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Electricity in French Polynesia in 2021

Global Ranking: #84
32.9% #101 Low-carbon electricity
262.82 watts #117 Generation / person
449.17 gCO2eq/kWh #112 Carbon Intensity
None Electricity imports

In 2021, French Polynesia reported a total electricity consumption of approximately 263 watts per person, which is significantly lower than the global average of 412 watts per person. Fossil fuels constituted over two-thirds of this consumption with 176.47 watts per person, leaving low-carbon sources to make up for the remaining third, with 86.36 watts per person. More than three-quarters of the low-carbon energy was generated by hydropower, contributing 67.58 watts per person, while solar power contributed the remaining part with 18.77 watts per person. French Polynesia is relatively isolated, thus neither imports nor exports electricity. The comparatively low levels of electricity generation, especially from low-carbon sources, could be leading to lower economic productivity and quality of life, and contributing to higher levels of carbon emissions and environmental degradation.


Considering that French Polynesia has similar climatic conditions to several successful countries in low-carbon energy generation, there are potent lessons it could draw from these nations. Australia, well-known for its solar energy production of 147 watts per person, could serve as an inspiration to strategically leverage French Polynesia's sunny weather for more widespread and efficient solar power generation. Moreover, looking to countries successful in harnessing wind power, such as Denmark, Ireland, and New Zealand, who produce 369, 258, and 71 watts per person, respectively, could provide insights for optimizing French Polynesia's costal winds. However, it's worth noting that nuclear energy, a clean and reliable source of power that is often overlooked, is a significant contributor to low-carbon electricity in many countries. For instance, France, Sweden, and Finland generate 526, 559, and 517 watts per person, respectively, from nuclear energy, far surpassing French Polynesia's current total energy generation.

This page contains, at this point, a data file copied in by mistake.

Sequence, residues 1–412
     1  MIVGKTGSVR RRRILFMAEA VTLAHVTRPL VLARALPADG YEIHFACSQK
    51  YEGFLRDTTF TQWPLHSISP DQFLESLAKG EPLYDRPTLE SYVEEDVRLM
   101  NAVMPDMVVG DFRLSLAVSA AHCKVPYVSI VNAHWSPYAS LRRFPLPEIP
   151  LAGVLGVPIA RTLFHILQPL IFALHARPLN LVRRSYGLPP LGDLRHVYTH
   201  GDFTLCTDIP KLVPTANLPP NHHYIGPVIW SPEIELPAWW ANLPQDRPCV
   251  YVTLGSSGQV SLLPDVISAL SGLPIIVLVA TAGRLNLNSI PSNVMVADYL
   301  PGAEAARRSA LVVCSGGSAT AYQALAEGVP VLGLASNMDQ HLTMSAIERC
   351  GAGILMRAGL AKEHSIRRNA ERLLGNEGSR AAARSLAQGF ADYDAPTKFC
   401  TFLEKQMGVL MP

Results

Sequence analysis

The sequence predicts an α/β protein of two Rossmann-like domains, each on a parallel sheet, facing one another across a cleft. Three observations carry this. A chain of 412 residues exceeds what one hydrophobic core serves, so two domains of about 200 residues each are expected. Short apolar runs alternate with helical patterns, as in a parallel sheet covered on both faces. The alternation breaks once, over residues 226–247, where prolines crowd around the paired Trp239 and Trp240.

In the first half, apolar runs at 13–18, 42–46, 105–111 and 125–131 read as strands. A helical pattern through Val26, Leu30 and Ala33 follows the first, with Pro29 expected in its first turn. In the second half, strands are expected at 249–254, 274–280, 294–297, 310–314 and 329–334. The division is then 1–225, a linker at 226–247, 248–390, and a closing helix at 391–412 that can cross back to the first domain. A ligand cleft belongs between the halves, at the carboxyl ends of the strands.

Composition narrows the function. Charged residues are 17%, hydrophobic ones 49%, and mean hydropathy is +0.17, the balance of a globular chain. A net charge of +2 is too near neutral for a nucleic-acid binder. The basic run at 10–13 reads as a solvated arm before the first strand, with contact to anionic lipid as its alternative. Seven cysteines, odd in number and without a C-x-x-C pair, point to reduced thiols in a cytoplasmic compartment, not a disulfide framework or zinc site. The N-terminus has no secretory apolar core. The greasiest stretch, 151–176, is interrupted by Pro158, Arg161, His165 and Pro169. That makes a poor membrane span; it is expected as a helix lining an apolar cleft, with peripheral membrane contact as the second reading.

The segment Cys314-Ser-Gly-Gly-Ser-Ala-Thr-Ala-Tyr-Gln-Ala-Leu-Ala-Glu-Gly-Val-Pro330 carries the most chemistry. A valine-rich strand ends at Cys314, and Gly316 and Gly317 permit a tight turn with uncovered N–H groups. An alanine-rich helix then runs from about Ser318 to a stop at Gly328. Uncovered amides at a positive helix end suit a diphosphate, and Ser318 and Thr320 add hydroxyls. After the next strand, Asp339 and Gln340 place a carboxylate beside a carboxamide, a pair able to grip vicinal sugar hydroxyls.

Historically, French Polynesia has primarily relied on hydro and solar power for its low-carbon electricity generation, with the former being the main contributor. The early 2000s saw no significant change in hydro-electric generation until 2010, when there was a slight increase of 0.1 TWh, though it was offset by a slight decrease the subsequent year. The development of solar power generation appears to have stagnated since its introduction in 2011, with no significant changes reported. Interestingly, the first couple of years of the 21st century did not see any decreases in low-carbon electricity generation. Rather, the period was marked by stagnation and subtle fluctuations, indicating that efforts to augment clean energy production have been lackluster, with significant room for further exploration and expansion in the fields of nuclear, wind, and solar energy. Overall, while some progress is evident, much more needs to be done to elevate French Polynesia's green energy sector to global standards and to secure a sustainable future for the region.

Data Sources

The data source is Ember.